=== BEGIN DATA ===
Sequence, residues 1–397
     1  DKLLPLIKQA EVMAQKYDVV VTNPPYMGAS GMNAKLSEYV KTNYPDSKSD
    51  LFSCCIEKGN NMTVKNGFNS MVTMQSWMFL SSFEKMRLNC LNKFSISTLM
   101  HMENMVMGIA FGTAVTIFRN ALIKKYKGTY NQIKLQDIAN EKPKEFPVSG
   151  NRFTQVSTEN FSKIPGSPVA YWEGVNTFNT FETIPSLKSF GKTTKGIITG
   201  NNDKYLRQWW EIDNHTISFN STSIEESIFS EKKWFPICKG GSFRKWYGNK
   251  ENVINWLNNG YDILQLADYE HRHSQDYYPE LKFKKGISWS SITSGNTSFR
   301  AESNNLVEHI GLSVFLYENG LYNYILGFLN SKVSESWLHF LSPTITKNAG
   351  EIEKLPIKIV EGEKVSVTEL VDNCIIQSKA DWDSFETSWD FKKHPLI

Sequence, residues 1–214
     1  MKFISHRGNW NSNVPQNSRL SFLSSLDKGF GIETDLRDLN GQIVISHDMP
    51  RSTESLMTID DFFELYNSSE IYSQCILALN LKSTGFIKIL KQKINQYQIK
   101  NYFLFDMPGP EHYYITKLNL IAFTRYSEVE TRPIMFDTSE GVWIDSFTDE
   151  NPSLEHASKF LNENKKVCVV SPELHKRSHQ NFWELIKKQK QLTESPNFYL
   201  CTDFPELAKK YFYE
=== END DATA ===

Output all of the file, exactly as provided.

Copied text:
Sequence, residues 1–397
     1  DKLLPLIKQA EVMAQKYDVV VTNPPYMGAS GMNAKLSEYV KTNYPDSKSD
    51  LFSCCIEKGN NMTVKNGFNS MVTMQSWMFL SSFEKMRLNC LNKFSISTLM
   101  HMENMVMGIA FGTAVTIFRN ALIKKYKGTY NQIKLQDIAN EKPKEFPVSG
   151  NRFTQVSTEN FSKIPGSPVA YWEGVNTFNT FETIPSLKSF GKTTKGIITG
   201  NNDKYLRQWW EIDNHTISFN STSIEESIFS EKKWFPICKG GSFRKWYGNK
   251  ENVINWLNNG YDILQLADYE HRHSQDYYPE LKFKKGISWS SITSGNTSFR
   301  AESNNLVEHI GLSVFLYENG LYNYILGFLN SKVSESWLHF LSPTITKNAG
   351  EIEKLPIKIV EGEKVSVTEL VDNCIIQSKA DWDSFETSWD FKKHPLI

Sequence, residues 1–214
     1  MKFISHRGNW NSNVPQNSRL SFLSSLDKGF GIETDLRDLN GQIVISHDMP
    51  RSTESLMTID DFFELYNSSE IYSQCILALN LKSTGFIKIL KQKINQYQIK
   101  NYFLFDMPGP EHYYITKLNL IAFTRYSEVE TRPIMFDTSE GVWIDSFTDE
   151  NPSLEHASKF LNENKKVCVV SPELHKRSHQ NFWELIKKQK QLTESPNFYL
   201  CTDFPELAKK YFYE